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Brandeis University's Community Newspaper — Waltham, Mass.

Tales from the Crypt: Shapiro Hall

Published: January 27, 2012
Section: Opinions

When my fellow Brandeisians ask me where I live on campus, my answer of Shapiro Hall usually results in a sympathetic “I am so sorry.” Known as a “character-building dorm” by many of its former inhabitants, Shapiro Hall is certainly the decaying cornerstone of Brandeis University. How can one not develop character in an environment that demands such a high degree of tolerance? This is not even referring to the usual gripes of its older, “asylum-esque” aesthetics or the mice that also populate the building—there are problems that are often even worse than that.

Once upon a weekend, somebody threw up in the hallway of Shapiro 1B. Although not that uncommon for a group of college students, the true disgusting nature of this event came later, with the realization that I had coexisted with this digestive excretion for nearly four days. Even after a plea to the custodial staff, residents had to attempt to avoid the mess until something was done. To this day, the two-foot-wide spot of former wretchedness remains, which serves as a reminder of Shapiro’s history of uncleanliness.

The fact that the renovations for Shapiro Hall have been neglected for so long is quite unfortunate, especially for those who end up living there. Several fellow residents say that their older family members and friends also lived in Shapiro, going so far as to say that it has always been low in quality. Part of me thinks everyday how the walls, carpets and bathrooms have experienced a full history of use by equally disgruntled residents. At this point, no matter how dilligently the cleaning staff works, they cannot wash away the deeply embedded filth of old age.

From my experience, Shapiro seems to be one of the most active dorms on campus. Countless times I have been kicked out of our only hall lounge by clubs that have rented out the space. Now I understand that space can be limited on such an active college campus, but why must my place of residence be usurped by arbitrary students who will end up leaving the space worse-off and will lack incentive to maintain that space? Anybody who has taken Introduction to Economics knows that this is a classic example of the Tragedy of the Commons. Furthermore, Shapiro houses a study room in the basement for Jewish students to utilize the extensive collection of Hebrew texts, but also many communal events are held there. This adds to the amount of strangers constantly trafficking through Shapiro.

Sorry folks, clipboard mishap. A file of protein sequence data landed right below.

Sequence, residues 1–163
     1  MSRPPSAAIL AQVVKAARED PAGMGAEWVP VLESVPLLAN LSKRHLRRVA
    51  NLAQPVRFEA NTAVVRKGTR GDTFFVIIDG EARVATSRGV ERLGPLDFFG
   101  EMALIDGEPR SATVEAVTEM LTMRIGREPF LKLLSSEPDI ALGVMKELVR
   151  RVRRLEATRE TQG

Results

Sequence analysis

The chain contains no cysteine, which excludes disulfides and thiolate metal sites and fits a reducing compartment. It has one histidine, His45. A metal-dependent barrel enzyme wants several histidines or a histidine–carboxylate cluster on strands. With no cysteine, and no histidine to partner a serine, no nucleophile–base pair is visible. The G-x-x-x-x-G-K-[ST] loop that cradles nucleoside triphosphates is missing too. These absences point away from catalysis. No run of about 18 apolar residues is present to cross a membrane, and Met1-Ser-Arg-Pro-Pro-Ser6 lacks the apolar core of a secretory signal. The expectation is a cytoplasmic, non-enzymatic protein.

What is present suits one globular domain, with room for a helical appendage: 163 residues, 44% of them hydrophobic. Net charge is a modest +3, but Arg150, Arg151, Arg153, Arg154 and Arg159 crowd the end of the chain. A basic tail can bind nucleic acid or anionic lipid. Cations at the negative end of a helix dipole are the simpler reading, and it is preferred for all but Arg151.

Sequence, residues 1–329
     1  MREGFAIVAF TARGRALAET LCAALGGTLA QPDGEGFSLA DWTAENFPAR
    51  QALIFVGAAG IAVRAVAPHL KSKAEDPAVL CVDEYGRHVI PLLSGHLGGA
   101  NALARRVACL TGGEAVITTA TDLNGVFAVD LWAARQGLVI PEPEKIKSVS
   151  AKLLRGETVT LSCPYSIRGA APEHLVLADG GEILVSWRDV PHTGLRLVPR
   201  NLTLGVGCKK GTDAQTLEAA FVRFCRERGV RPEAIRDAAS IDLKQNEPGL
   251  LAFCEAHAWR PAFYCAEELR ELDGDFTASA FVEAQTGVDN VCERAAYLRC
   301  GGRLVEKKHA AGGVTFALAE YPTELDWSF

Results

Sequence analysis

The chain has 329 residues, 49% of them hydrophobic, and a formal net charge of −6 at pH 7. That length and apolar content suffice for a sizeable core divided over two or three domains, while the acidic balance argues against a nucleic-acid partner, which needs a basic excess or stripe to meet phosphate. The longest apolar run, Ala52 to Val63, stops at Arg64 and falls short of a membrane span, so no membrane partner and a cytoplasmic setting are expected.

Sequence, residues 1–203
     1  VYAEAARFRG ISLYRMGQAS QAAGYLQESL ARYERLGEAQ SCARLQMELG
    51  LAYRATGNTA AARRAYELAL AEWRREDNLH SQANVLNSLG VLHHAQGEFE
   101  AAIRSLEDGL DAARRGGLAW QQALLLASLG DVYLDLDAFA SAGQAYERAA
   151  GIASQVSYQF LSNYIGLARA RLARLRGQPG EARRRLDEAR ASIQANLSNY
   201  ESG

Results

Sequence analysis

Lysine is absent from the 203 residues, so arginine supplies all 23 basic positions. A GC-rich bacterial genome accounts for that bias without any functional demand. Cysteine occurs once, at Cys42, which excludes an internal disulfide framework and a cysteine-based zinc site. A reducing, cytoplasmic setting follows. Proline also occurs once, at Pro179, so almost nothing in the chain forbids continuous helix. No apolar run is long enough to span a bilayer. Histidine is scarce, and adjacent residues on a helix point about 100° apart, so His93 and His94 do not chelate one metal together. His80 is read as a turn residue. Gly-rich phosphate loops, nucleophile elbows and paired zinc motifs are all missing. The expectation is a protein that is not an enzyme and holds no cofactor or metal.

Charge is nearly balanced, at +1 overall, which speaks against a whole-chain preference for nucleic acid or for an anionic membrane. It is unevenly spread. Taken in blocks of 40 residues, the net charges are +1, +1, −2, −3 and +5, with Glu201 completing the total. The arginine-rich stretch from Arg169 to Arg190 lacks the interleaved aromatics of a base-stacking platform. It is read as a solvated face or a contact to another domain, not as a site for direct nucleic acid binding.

One of the key problems in Shapiro is the water temperature that fluctuates to the extremes. Residents definitely go through a ritual burning and cooling process with no water pressure of which to speak. I have lost count of how many times I have sustained actual burns from the changing water temperatures. When I emerge from the shower most days, it looks as if I have been dipped into acid, but this has simply become a way of life for most of us.

Despite everything, the only thing keeping me from living on my friend’s air mattress is the group of people in my building. We all have a locked-in community of fellow survivors of this dorm, who also happen to be some of the most lively people on this campus. If it were not for our collective outlook and demeanor, our first-year experience would be severely lacking in Shapiro Hall. I suppose we all wish we were guaranteed a good number in the upcoming housing lottery as compensation for the struggles that we have endured. Yet, we all are assuming and hoping that no other housing option on campus is as bad as Shapiro Hall.